Economist Dr. Iraj Abedian says the unrest and looting in KwaZulu-Natal and Gauteng will further discourage investor confidence in South Africa.
Violent protests in the country have been sparked by last week’s arrest and imprisonment of former President Jacob Zuma.
The army has been deployed at hotspots in both provinces – to assist law enforcement agencies to quell the unrest that has gripped the country.
Abedian says this is a lose-lose situation.
The impact is that we see a further cut in the confidence the investors have both locally and internationally.
“The loss of confidence, whether from blacks or whites at the end of the day it’s a loss to society. It’s a loss of another few thousand jobs. Families tomorrow will lose their daily bread. Some people are going to lose their jobs while others are likely to go hungry and that is a reality that we need to talk to but whether we call white monopoly capital or something else the reality is that we are on the same boat we cannot sink the boat. Otherwise, we will go to a simple outcome of more poverty for everybody and the poor will be once again on the receiving end of it” says Dr. Iraj Abedian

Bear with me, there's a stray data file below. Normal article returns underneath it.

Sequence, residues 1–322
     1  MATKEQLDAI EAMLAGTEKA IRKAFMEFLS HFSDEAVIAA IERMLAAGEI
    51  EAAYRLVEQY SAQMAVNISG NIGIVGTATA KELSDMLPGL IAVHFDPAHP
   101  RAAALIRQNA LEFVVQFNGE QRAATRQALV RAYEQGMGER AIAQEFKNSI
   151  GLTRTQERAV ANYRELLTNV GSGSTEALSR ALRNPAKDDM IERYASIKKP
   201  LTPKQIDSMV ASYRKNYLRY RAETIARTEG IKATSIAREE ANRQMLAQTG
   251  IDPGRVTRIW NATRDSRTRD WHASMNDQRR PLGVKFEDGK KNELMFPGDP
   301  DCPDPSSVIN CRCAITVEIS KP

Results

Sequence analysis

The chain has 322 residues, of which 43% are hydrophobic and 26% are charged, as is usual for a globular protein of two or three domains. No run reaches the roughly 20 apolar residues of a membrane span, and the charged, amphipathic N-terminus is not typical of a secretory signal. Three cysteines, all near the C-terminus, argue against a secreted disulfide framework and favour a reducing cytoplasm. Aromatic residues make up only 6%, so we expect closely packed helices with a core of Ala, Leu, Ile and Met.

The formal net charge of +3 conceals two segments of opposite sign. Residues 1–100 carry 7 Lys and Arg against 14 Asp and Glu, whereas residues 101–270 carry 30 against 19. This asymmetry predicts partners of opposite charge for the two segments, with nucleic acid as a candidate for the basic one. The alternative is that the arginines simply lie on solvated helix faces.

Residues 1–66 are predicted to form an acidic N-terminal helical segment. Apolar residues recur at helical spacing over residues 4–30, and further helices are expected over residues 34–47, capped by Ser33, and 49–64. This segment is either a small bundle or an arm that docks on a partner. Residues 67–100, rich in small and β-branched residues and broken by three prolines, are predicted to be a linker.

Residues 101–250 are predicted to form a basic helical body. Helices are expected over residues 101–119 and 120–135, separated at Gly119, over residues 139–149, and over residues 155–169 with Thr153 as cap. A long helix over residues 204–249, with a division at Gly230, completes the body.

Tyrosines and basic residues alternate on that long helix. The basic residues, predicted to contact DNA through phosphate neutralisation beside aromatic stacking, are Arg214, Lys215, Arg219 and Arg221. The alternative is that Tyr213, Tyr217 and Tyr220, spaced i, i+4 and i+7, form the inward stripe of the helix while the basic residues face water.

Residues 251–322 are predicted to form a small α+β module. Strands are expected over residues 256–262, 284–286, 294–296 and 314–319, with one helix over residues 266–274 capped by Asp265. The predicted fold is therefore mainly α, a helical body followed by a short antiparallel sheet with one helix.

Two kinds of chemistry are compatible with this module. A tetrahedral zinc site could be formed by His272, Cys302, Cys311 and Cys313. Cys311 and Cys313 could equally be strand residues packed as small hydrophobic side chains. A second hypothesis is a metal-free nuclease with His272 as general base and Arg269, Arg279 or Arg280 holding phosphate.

KZN and Gauteng protests update in the video below:
Months of recovery
Meanwhile, Business Unity South Africa’s CEO Cas Coovadia says President Cyril Ramaphosa should use the disaster management laws to act against the ongoing looting and destruction of property which also undermines the government’s COVID-19 regulations.
Coovadia says it will take months for businesses that have been looted and vandalised to recover. BUSA joins the South African Chamber of Commerce and Industry and Business Leadership South Africa in the condemnation of the looting of businesses.
“It will take weeks if not months for those business premises that have been destroyed and looted to actually be ready for doing business again and this will have an impact on people’s employment. And we call the President to consider using the disaster regulation because these people are also violating covid regulations and we’ve had precedent where the President under the stewardship of the police mobilised the military to deal with people who had broken COVID regulations.” – Additional reporting by Naledi Ngcobo